Photo of a tipper truck emerges onto Old Gloucester Road.
A tipper truck laden with earth emerges from the Mulgrove Farm Village housing development site onto Old Gloucester Road, Hambrook.

On most days, fully laden spoil lorries can be seen travelling north up Bradley Stoke Way at five to ten minute intervals. Empty lorries return southbound down Bradley Stoke Way at a similar rate.

Although most of the lorries have their loads covered, a significant number do not and there is evidence of load spillage at a number of points along Bradley Stoke Way.

Photo of an empty tipper truck heading down Bradley Stoke Way.
An empty tipper truck heads down Bradley Stoke Way on the return journey.

Road user feedback

Jon, a local cyclist, contacted the Journal to express a number of concerns about the mammoth operation:

“On my commute between Bradley Stoke and Downend on my bike I have been increasingly worried about the number of 20-tonne trucks arriving and taking topsoil from the new development on the Old Gloucester Road (towards Hambrook) via Rabbit Roundabout and up through Bradley Stoke Way. This starts from 7am in the morning until late afternoon, but it’s not one or two trucks it seems there is one every 5 to 10 minutes! The number seems to be increasing, and the red mud trailing from them can at times be seen around Rabbit Roundabout onto Bradley Stoke Way. My question is should they be using Bradley Stoke as a cut-through as it is a residential area? It seems dangerous having that number coming through the area.”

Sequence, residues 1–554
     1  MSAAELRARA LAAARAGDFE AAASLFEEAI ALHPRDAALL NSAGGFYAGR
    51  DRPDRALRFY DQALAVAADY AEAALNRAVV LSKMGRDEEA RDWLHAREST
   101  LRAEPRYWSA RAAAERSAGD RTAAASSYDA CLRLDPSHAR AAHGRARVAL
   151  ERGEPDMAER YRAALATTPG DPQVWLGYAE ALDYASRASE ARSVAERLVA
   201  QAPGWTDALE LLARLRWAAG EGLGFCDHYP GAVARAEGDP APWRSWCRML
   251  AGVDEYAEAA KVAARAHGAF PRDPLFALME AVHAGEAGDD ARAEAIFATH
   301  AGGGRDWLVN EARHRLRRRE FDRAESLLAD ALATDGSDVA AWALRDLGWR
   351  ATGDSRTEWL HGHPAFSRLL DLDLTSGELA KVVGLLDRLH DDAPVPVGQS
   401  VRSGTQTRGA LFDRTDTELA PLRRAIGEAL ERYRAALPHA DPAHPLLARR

Photo of a pile of earth and rocks on the side of Bradley Stoke Way.
A pile of earth and rocks on the side of Bradley Stoke Way, believed to have fallen from a tipper truck.

With regard to the use of Bradley Stoke Way, the applicant’s CEMP document seems to concede that using the Stoke Gifford Transport Link (a.k.a. Stoke Gifford By-Pass) would be preferable, stating:

“Initially, access to the site will utilise the existing farm access off Old Gloucester Road. Once the permanent accesses [including a new arm onto the Parkway North Roundabout] are formed, Construction traffic would be routed via the Filton Road and the SGTL to avoid the use of more sensitive roads.”

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South Gloucestershire Council has been contacted for comment on some of the issues raised in this article. We will update the article once replies have been received.

Editor’s notes:

  1. The figure of 3,000 trips is calculated as follows: Earth weighing 1.5 tonnes per cubic metre carried in 20-tonne-capacity tipper trucks, resulting in 13.33 cubic metres carried per outbound trip. Transporting 20,000 cubic metres therefore requires 20,000 / 13.33 = 1,500 outbound trips, plus the same number of return trips.
  2. The total volume of earth to be excavated was given as 250,000 cubic metres in the planning officer report, which differs from the 200,000 cubic metres mentioned in the CEMP.